NFL team executives are apparently laser-focused on hiring and retaining coaches that have a certain look and demeanor: white, regimented and bullheaded. Unfortunately, their obsession doesn’t always work out.
The league suffered its latest public embarrassment Monday when Las Vegas Raiders coach Jon Gruden resigned after multiple media outlets reported on emails he sent in recent years that contained homophobic, misogynistic and racist language.
The emails were reportedly uncovered during a NFL investigation into potential workplace misconduct involving the Washington Football Team. The team's former general manager, Bruce Allen, had been the recipient of some of Gruden’s emails.
The NFL is examining more than 650,000 emails as part of its sprawling probe, according to The Wall Street Journal. That’s right: The Gruden emails are likely only the tip of the iceberg. And trust me when I say, I can’t wait for more NFL emails to drop.
Gruden sent the offensive emails to Allen, his longtime friend, between 2011 to 2018, The New York Times reported. In those emails, Gruden maligned female referees; called for a player to be fired for protesting police brutality; used homophobic slurs to insult the league commissioner and NFL player Michael Sam, who is gay; exchanged seminude photos of women, including some Washington Football Team cheerleaders; and used a racist trope to describe DeMaurice Smith, executive director of the NFL Players Association.
When it comes to Gruden and coaching hires generally, the question is not how the league could be so wrong. The question is, “Why is the NFL committed to being so wrong, and for so long?” Brusque white guys seem to get preferential consideration for coaching positions, and all others get the leftovers — if they’re lucky.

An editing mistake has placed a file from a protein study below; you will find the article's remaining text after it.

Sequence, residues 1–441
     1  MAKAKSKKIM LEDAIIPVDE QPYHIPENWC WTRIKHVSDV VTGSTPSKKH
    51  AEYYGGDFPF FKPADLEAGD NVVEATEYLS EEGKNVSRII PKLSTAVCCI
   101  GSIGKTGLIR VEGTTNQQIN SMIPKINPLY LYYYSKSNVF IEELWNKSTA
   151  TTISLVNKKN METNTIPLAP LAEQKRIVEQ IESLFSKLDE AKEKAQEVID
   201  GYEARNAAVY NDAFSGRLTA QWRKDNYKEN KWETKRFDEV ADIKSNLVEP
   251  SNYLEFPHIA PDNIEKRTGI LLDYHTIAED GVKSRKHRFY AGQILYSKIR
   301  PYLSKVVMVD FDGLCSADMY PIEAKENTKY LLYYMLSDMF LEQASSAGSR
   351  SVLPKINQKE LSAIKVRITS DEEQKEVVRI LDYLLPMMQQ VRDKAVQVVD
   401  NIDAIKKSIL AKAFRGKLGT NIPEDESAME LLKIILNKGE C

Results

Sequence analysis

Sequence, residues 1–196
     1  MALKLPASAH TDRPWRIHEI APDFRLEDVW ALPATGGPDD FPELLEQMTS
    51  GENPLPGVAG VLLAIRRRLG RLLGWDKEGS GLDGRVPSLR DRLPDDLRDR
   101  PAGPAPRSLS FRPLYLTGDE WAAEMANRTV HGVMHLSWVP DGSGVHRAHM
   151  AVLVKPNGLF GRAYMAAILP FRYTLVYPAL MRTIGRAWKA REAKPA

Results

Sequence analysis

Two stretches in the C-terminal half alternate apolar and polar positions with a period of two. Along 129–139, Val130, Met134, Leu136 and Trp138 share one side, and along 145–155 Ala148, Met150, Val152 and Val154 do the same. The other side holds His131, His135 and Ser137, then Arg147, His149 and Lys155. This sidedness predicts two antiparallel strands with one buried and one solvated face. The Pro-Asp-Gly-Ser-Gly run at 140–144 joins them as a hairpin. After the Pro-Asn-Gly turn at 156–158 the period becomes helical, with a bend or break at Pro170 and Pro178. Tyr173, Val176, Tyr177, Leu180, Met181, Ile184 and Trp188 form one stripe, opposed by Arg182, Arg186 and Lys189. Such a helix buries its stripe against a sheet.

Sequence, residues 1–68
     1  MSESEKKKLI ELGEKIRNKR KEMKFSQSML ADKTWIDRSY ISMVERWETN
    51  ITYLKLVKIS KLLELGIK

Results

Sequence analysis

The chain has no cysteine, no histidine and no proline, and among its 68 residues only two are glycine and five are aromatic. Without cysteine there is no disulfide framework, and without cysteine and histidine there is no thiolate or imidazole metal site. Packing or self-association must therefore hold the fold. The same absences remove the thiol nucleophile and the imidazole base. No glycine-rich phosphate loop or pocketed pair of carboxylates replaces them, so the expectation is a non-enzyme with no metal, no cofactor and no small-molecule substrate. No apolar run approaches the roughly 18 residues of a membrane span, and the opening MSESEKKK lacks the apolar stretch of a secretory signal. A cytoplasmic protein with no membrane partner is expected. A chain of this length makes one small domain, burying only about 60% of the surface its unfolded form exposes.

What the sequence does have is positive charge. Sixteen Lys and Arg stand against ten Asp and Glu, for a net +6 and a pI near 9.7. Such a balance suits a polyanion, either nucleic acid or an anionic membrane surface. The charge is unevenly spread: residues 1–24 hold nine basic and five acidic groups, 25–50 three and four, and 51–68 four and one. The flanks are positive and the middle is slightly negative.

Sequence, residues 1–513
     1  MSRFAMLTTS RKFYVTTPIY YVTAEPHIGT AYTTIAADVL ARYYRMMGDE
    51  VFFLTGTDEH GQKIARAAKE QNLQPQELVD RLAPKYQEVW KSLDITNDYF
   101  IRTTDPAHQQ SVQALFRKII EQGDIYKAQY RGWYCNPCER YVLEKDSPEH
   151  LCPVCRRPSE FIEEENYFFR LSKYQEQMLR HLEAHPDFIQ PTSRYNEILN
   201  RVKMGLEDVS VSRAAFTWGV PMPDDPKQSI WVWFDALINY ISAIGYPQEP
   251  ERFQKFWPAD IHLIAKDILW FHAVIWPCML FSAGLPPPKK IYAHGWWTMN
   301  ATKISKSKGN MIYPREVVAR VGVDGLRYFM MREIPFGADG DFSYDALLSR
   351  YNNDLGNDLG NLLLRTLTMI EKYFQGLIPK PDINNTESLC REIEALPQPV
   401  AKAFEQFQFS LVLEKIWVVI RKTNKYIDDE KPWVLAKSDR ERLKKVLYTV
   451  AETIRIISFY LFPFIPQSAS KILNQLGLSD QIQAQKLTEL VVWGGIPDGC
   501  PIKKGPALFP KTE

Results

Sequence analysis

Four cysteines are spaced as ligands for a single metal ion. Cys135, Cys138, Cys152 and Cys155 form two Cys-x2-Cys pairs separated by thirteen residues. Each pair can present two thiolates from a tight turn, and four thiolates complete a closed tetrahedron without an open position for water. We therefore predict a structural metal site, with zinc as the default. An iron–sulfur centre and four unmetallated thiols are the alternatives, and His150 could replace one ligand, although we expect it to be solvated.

Gruden was a coveted coaching candidate who was plucked from his role as an ESPN football analyst in 2018 to return as the Raiders’ head coach. He walked out of the commentators’ booth and into one of the biggest coaching contracts in NFL history, signing on for $100 million over 10 years. Gruden’s return to coaching came just two years before the NFL began making assurances that it would improve its dismal record of hiring Black and brown coaches.
Gruden isn't the only former NFL coach to walk away and be lured back in with a rich contract. Take scandal-ridden Urban Meyer, for example.
Brusque white guys seem to get preferential consideration for coaching positions, and all others get the leftovers — if they’re lucky.
Meyer, who was hired as the coach of the Jacksonville Jaguars this year, made headlines last week after being caught on camera dancing on a woman who is not his wife. He’d previously left his job coaching Ohio State football after allowing an assistant coach to continue working despite the coach's ex-wife accusing him of domestic abuse.
During a news conference in January, Jaguars owner Shahid Khan called Meyer “the man we want and need in Jacksonville.” It was cringeworthy then, and it’s still cringeworthy now. When Raiders owner Mark Davis welcomed Gruden, he thanked Gruden’s family for “helping to make my dream come true.”
There’s no doubt NFL team owners prefer coaches like Gruden running their operations, but they shouldn’t be so confident. The coaches of their dreams could be nightmares in disguise.
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